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Roger Nash Baldwin Papers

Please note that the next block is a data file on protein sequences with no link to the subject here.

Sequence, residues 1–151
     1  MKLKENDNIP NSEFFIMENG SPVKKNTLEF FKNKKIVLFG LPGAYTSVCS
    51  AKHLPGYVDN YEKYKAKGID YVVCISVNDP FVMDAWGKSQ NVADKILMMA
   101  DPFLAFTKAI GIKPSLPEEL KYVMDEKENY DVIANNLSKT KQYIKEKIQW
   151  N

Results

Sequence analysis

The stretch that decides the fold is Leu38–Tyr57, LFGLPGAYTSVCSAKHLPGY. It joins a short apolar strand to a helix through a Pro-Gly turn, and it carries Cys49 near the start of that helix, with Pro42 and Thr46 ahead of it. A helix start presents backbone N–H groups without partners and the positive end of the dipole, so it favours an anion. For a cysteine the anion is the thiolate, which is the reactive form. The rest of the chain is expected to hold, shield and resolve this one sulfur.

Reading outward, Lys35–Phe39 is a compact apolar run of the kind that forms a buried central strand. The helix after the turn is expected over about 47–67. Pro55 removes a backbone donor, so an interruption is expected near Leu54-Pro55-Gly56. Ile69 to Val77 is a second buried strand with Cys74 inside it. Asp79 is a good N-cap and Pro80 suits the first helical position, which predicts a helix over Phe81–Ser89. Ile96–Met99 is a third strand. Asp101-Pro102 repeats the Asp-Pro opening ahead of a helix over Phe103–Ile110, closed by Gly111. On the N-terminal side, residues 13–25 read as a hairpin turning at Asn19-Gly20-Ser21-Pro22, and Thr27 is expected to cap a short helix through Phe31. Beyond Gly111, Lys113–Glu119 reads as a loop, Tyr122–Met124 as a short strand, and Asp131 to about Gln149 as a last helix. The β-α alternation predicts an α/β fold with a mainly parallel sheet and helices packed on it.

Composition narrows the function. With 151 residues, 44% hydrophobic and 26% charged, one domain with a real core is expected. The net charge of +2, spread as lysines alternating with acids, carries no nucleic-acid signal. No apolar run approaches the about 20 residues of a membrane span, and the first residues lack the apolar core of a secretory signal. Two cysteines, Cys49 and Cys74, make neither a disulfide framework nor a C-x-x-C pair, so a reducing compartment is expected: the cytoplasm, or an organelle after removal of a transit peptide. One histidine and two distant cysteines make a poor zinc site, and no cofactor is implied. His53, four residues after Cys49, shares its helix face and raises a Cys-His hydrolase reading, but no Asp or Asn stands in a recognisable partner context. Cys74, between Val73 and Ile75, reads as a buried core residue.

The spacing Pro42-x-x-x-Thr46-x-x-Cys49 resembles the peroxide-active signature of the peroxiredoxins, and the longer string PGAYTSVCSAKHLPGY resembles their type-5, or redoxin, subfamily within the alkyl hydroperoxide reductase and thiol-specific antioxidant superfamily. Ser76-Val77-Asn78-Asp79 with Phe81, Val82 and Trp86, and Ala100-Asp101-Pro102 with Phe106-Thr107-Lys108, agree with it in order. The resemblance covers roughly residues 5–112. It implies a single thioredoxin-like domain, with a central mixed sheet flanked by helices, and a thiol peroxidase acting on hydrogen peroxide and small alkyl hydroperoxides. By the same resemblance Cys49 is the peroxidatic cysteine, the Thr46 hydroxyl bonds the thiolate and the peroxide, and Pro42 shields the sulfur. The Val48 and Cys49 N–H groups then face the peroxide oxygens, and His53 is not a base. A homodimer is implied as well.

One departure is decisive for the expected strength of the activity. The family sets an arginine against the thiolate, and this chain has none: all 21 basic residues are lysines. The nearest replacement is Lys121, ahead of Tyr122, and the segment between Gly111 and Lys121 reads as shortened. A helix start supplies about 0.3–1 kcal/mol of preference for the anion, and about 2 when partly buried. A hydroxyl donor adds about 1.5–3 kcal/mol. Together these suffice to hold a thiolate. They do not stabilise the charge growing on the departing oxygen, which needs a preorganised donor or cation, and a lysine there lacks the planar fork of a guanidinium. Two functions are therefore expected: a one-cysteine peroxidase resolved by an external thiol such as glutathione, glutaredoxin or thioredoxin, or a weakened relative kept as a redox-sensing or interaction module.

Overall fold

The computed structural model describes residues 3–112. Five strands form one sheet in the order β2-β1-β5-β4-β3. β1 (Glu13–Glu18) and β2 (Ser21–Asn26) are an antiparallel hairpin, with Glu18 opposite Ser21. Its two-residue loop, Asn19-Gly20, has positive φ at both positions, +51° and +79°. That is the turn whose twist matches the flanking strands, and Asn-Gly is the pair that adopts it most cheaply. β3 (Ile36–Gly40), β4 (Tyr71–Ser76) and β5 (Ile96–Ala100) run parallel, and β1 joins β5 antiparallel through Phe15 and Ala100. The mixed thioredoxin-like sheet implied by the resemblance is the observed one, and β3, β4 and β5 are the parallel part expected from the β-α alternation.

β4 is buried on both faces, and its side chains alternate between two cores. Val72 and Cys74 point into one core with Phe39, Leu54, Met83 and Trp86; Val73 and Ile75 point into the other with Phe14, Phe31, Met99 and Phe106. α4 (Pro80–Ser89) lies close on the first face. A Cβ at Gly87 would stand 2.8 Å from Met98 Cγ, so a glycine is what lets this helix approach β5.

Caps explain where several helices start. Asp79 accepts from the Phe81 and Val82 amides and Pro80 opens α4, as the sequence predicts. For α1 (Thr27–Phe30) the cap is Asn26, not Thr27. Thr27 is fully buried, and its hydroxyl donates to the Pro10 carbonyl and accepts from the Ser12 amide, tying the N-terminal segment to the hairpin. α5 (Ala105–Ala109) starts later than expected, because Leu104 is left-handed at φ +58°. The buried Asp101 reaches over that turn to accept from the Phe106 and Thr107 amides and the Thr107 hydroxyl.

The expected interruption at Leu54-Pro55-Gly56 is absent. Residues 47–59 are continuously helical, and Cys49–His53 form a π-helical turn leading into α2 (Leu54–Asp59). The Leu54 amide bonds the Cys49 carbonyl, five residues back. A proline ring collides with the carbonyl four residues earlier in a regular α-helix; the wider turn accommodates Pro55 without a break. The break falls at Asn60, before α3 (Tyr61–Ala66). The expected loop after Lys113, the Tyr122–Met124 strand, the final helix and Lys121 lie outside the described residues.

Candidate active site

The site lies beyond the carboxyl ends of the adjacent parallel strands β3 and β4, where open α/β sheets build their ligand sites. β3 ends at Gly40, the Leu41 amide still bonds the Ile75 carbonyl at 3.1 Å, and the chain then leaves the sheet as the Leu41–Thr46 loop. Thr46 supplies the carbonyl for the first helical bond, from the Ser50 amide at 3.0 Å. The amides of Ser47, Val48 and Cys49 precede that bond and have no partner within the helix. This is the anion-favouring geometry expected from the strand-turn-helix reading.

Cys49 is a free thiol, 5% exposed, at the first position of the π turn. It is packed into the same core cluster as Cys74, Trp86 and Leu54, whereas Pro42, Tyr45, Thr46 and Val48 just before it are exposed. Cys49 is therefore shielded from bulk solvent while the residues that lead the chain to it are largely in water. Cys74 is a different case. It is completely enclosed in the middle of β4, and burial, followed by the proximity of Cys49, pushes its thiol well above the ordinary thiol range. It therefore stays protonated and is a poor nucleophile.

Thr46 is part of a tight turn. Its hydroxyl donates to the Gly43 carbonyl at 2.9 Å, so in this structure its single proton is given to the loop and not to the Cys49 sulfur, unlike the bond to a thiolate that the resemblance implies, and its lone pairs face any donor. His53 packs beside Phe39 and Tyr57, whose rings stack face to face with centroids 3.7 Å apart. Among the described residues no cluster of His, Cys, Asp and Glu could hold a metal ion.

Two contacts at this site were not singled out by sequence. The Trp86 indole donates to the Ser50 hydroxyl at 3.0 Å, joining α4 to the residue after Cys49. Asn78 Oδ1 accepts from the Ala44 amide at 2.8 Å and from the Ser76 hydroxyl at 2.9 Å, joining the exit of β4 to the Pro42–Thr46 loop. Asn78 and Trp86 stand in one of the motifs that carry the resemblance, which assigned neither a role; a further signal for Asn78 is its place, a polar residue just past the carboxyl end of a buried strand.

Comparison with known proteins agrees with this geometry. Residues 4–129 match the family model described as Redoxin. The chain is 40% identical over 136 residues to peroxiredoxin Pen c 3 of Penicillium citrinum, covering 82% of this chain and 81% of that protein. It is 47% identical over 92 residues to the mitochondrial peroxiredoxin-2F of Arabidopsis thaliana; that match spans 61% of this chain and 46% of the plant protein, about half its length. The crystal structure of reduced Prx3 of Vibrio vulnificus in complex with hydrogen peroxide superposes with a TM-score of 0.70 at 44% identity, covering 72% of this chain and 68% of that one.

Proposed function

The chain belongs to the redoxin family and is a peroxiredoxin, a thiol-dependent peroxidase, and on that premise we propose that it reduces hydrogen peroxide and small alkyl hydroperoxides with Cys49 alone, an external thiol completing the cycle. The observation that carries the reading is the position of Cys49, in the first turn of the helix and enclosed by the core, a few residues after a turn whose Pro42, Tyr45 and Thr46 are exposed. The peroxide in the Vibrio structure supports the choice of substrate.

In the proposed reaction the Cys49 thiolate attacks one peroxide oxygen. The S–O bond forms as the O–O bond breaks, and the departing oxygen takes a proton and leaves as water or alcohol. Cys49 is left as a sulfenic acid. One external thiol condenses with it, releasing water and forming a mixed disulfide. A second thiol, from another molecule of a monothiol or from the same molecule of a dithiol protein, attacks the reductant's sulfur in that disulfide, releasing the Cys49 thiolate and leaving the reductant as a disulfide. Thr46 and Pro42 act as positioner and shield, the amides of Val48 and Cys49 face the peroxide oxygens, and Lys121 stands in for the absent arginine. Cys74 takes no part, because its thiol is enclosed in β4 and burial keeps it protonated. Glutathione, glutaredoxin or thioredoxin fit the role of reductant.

The Baldwin Papers consist mainly of typescript and manuscript documents, including personal correspondence, business correspondence, memoranda, published and typescript articles, manuscripts and notes for speeches, notes from travels, and printed material. There are also a considerable number of photographs and an album presented to Baldwin at the Thirtieth Anniversary of the ACLU, on February 22, 1950. The vast majority of the documents are in English, but there is also material in Spanish, German, and French, much but not all of which is translated.While there are materials relating to all eras of Baldwin's life, from his childhood in Wellesley, Massachusetts to his death in 1981, some eras are more fully documented than others. The collection contains no documents from his undergraduate years at Harvard. Much of the material relating to Baldwin's term as executive director of the ACLU (1920-1950) is located in the ACLU Archives. The papers in this collection relating directly to the ACLU date almost exclusively from 1950. The only exceptions are papers relating to the Scopes trial, which Baldwin managed, and the Sacco-Vanzetti case, which are relatively well-represented here. There are also surprisingly few documents relating to Baldwin's involvement with the International League for the Rights of Man.On the other hand, the materials relating to Baldwin's year in prison, his travels to the Soviet Union, Japan, Korea, and Germany, his interest in Puerto Rico, and his years in St. Louis are relatively rich. Baldwin's FBI file, although censored, sheds light on his involvement in radical politics. Also of interest are the memoranda Baldwin wrote throughout his later years about people he had known, experiences he had, and beliefs he had held. The photographs include many formal portraits ofBaldwin, his first baby picture to several taken while he was in his nineties, snapshots of dinners held in his honor, a few family pictures, pictures taken during his trips to Japan, Korea, and Germany, and various other photographs of his public life.An unusual feature of this collection is that Baldwin himself has included specifically for the researcher occasional explanations of who people were, what his connection with them was, or why he saved something. Baldwin also wrote a series of memoranda about his life, people he knew, and his opinions and attitudes. These autobiographical addenda to the collection infuse the collection with an unusually immediate sense of Baldwin's presence.